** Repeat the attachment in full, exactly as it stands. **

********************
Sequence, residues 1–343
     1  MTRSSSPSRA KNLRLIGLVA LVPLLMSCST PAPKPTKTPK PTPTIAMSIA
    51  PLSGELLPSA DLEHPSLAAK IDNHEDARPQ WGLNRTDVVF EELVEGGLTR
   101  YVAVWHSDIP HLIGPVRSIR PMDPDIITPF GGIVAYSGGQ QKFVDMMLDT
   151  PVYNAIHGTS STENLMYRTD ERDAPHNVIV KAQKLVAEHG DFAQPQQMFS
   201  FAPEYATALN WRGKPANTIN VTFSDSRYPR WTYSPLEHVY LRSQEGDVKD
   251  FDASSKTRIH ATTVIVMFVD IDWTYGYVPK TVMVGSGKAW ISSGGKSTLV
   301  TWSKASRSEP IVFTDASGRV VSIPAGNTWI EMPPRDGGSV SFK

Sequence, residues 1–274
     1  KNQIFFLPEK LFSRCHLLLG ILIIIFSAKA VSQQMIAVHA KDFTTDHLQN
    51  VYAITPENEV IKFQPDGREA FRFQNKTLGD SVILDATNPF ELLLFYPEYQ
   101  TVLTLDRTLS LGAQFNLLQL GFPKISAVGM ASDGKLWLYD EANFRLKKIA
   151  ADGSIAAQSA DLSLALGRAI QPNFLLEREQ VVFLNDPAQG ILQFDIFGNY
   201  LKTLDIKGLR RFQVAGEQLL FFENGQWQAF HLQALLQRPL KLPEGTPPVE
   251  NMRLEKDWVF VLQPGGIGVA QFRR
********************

Sequence, residues 1–343
     1  MTRSSSPSRA KNLRLIGLVA LVPLLMSCST PAPKPTKTPK PTPTIAMSIA
    51  PLSGELLPSA DLEHPSLAAK IDNHEDARPQ WGLNRTDVVF EELVEGGLTR
   101  YVAVWHSDIP HLIGPVRSIR PMDPDIITPF GGIVAYSGGQ QKFVDMMLDT
   151  PVYNAIHGTS STENLMYRTD ERDAPHNVIV KAQKLVAEHG DFAQPQQMFS
   201  FAPEYATALN WRGKPANTIN VTFSDSRYPR WTYSPLEHVY LRSQEGDVKD
   251  FDASSKTRIH ATTVIVMFVD IDWTYGYVPK TVMVGSGKAW ISSGGKSTLV
   301  TWSKASRSEP IVFTDASGRV VSIPAGNTWI EMPPRDGGSV SFK

Sequence, residues 1–274
     1  KNQIFFLPEK LFSRCHLLLG ILIIIFSAKA VSQQMIAVHA KDFTTDHLQN
    51  VYAITPENEV IKFQPDGREA FRFQNKTLGD SVILDATNPF ELLLFYPEYQ
   101  TVLTLDRTLS LGAQFNLLQL GFPKISAVGM ASDGKLWLYD EANFRLKKIA
   151  ADGSIAAQSA DLSLALGRAI QPNFLLEREQ VVFLNDPAQG ILQFDIFGNY
   201  LKTLDIKGLR RFQVAGEQLL FFENGQWQAF HLQALLQRPL KLPEGTPPVE
   251  NMRLEKDWVF VLQPGGIGVA QFRR